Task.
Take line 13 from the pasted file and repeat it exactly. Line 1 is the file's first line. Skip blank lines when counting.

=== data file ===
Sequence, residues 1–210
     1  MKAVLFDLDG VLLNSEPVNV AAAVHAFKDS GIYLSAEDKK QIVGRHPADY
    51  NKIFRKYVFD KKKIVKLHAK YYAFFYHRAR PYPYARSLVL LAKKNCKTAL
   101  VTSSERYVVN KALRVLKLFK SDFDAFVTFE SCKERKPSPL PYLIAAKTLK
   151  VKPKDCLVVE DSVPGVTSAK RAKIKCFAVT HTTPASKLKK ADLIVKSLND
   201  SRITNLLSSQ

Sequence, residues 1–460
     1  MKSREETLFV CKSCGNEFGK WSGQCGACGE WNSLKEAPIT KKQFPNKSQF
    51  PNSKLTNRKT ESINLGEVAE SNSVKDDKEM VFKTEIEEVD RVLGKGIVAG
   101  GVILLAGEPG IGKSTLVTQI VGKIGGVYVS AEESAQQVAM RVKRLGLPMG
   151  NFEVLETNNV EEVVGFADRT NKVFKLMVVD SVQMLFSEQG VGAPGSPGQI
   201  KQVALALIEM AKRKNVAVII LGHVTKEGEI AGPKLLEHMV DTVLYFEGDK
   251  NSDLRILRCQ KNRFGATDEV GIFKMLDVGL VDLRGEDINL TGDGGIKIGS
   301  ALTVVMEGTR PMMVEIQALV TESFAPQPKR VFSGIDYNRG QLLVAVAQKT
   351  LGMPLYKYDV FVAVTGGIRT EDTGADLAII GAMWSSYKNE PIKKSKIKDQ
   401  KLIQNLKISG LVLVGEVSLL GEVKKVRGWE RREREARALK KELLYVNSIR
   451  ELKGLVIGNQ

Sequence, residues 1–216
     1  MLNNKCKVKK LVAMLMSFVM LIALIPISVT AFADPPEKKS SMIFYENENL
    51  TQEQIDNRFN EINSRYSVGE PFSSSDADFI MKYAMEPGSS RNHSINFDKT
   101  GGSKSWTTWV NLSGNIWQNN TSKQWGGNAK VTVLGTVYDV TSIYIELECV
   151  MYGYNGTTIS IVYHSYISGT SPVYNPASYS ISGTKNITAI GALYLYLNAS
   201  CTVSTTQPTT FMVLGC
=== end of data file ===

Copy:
   251  NSDLRILRCQ KNRFGATDEV GIFKMLDVGL VDLRGEDINL TGDGGIKIGS